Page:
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Toronto, April 13, 2000

Lead Editorial

Free to be wrong, free to be ruined

David Irving's views fall under their own weight


The infamous British historian David Irving forgot to remember what Oscar Wilde learned to his great regret about libel actions: the existence of a defence. Mr. Irving contested allegations that he purposefully distorted history to serve his deeply anti-Semitic views. This week in London, a judge concluded:

"The charges which I have found to be substantially true include the charges that Mr. Irving has for his own ideological reasons persistently and deliberately misrepresented and manipulated historical evidence; that for the same reason he has portrayed Hitler in an unwarrantedly favourable light, principally in relation to his attitude toward and responsibility for the treatment of the Jews; that he is an active Holocaust denier; that he is anti-Semitic and racist and that he associates with right-wing extremists who promote neo-Nazism."

If Mr. Irving has faced repeated allegations that his history is bunk, he now has the confirmation of a court on the matter. And he has a court order to pay $4.5-million in costs for the honour.

All this is very good, but it is important to note that Mr. Irving has not been found guilty of a crime in the United Kingdom. Rather, the object of his suit, U.S. author Deborah Lipstadt, has been found innocent of libel in calling Mr. Irving to account. Ms. Lipstadt was understandably elated at the trial's outcome, which cements Mr. Irving's darkened reputation. At the same time, she opposes the route chosen by Canada, Germany and Switzerland, of criminalizing what Mr. Irving says and writes about the Holocaust. "I don't think those laws really work. They tend to make martyrs of the deniers."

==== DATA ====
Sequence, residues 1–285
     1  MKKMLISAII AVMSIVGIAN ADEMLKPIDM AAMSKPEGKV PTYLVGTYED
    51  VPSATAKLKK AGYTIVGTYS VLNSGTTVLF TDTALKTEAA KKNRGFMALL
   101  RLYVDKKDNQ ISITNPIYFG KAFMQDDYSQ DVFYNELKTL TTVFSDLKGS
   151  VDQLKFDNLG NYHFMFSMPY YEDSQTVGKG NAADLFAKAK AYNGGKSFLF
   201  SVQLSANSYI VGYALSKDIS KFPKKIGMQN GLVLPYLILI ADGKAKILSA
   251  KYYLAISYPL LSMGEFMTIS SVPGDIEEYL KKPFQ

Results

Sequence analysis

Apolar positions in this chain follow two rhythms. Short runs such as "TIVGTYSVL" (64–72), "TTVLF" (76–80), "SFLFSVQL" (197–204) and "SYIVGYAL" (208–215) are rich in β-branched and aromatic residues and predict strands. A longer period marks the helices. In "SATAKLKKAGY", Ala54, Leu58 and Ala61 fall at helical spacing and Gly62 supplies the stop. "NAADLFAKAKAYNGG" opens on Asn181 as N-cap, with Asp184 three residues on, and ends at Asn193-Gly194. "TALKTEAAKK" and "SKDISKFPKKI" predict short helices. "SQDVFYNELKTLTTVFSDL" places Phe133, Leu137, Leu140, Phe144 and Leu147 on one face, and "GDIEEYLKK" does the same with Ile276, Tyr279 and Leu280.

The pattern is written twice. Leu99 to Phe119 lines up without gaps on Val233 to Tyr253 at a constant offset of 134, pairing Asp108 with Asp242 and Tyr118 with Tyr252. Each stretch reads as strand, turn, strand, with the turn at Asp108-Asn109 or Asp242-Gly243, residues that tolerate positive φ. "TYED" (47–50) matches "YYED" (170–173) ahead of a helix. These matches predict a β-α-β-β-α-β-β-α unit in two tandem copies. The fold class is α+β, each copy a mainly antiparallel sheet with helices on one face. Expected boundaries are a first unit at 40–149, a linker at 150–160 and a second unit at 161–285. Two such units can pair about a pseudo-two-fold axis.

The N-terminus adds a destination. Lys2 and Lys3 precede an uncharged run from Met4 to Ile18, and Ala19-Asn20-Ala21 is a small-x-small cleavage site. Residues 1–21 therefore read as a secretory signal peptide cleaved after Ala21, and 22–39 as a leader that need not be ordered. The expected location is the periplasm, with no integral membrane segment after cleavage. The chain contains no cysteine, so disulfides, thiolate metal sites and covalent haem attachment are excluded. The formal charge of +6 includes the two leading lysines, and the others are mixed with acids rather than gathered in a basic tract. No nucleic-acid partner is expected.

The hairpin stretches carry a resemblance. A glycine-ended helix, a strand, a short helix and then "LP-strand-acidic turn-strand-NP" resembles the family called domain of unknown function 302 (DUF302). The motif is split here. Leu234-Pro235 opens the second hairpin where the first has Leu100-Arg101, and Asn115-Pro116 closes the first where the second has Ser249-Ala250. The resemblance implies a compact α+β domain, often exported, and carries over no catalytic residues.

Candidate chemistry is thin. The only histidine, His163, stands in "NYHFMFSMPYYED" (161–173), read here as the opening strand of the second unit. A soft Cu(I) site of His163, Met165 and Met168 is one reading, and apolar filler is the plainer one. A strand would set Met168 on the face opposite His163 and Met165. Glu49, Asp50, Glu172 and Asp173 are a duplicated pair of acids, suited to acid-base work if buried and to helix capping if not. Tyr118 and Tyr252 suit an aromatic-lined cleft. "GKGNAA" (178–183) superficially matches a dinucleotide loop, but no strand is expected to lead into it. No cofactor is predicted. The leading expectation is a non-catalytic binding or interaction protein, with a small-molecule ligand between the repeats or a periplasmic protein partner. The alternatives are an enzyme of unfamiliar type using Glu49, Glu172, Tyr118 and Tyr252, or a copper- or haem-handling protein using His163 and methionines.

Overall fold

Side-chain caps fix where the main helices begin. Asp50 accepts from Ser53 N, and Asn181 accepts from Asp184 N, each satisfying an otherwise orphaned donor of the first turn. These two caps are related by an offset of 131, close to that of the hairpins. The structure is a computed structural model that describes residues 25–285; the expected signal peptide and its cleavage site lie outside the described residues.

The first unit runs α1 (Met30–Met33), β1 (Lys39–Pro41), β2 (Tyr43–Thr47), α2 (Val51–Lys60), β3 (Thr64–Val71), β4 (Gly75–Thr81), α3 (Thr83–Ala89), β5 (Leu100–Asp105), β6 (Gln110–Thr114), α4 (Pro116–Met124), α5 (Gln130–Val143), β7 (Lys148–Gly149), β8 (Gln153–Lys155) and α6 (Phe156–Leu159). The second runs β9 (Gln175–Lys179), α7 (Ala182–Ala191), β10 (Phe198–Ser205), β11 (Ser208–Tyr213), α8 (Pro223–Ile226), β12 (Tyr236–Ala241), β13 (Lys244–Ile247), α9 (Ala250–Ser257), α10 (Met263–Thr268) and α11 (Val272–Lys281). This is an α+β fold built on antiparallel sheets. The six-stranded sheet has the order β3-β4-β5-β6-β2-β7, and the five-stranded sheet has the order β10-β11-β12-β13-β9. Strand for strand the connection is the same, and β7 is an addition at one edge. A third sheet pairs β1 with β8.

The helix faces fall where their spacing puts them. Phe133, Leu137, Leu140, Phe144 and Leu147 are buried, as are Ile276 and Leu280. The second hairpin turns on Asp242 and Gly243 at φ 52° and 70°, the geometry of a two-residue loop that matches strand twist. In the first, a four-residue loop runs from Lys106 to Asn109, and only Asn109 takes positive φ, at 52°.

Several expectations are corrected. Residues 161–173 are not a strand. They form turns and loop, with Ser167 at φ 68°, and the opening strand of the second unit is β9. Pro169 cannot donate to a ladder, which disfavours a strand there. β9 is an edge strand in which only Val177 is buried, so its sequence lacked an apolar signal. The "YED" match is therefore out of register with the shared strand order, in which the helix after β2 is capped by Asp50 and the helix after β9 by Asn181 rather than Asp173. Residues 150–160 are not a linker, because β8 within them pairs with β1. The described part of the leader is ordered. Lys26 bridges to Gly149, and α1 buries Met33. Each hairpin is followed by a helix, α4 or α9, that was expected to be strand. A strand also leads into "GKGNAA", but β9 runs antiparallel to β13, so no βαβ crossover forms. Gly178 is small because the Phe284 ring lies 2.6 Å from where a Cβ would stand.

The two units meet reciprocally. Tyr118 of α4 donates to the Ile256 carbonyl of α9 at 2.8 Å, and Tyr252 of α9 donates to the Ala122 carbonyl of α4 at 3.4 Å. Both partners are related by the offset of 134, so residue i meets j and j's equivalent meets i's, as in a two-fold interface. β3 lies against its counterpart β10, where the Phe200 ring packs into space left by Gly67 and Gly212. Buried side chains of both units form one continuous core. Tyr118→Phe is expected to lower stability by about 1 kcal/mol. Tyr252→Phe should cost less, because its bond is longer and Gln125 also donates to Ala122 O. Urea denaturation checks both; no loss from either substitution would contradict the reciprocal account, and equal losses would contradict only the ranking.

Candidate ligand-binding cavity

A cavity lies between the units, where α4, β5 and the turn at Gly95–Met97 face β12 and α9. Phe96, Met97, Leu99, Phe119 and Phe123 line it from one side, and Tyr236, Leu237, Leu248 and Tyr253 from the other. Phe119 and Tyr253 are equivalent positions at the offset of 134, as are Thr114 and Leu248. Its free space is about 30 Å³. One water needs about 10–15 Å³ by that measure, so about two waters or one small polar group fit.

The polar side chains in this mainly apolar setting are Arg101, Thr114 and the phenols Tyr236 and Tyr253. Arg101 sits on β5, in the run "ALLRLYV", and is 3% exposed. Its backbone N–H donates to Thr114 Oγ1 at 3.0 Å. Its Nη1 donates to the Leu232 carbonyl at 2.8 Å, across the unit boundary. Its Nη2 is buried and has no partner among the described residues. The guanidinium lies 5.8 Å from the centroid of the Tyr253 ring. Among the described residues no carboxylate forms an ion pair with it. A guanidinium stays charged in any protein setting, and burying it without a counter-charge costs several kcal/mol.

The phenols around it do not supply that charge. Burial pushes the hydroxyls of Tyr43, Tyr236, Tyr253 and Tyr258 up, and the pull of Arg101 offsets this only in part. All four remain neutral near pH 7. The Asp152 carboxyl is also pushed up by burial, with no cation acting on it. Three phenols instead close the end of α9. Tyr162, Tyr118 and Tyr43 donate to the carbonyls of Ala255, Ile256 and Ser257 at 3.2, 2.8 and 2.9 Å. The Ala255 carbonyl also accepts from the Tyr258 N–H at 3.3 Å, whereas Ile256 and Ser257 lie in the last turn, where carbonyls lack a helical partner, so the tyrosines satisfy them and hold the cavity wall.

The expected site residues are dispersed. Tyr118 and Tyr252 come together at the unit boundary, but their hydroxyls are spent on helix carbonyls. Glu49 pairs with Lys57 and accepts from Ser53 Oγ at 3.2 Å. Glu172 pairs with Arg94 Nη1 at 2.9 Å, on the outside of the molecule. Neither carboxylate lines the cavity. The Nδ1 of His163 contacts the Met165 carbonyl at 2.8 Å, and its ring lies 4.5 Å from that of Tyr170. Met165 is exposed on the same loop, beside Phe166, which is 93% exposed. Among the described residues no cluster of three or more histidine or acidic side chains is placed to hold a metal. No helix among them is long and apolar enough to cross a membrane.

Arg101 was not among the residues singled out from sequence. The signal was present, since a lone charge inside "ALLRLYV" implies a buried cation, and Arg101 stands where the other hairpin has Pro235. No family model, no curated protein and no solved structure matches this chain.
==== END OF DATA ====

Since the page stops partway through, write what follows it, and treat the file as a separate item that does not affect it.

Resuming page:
Indeed they do. Free societies exist on the premise that freedom of thought and expression are fundamental human rights. They are not granted by the state, and do not exist at the pleasure of the state. More, freedom of thought and expression are essential to the progress of society, to the democratic process and to the liberty of individuals. Most other legal and political rights depend for their very existence on free expression.

Individuals being what they are, however, free expression sometimes leads to distortions, lies and malicious statements. How should we deal with them in the context of a fundamental human right?

Happily, the best means is free expression itself to reply, remonstrate, argue and refute. Free expression offers the cure to its own disease because truth ultimately prevails in fair battles against lies. Democracies cannot effectively function without this faith.

Libel laws create a legal avenue of defence for those who feel personally harmed by free expression, who lack faith in the efficacy of public reply and desire a more formal, third-party accounting of the truth. Too many people resort to libel too easily, and Mr. Irving chose this means to defend himself against Ms. Lipstadt, only to find that he had no defence.

The creation by the state of criminal prohibitions against the expression of opinions that offend or incite hatred and contempt without specific calls to action brings far too great a formal power to bear against far too fundamental a human right. Criminalization of an honestly held opinion contradicts the very core of free expression and undermines the authority of a democracy. As Ms. Lipstadt notes, it serves to drive corrosive views underground where the normal correctives of a free society cannot come into play, and where prior state restraint fuels the paranoia so often involved.

Mr. Irving has hanged himself, by far the most effective form of punishment, and exceedingly well deserved. He should not be barred from Canada or prosecuted for expressing his ridiculous views here. Faith in free speech has been sustained.

Thursday, April 13, 2000
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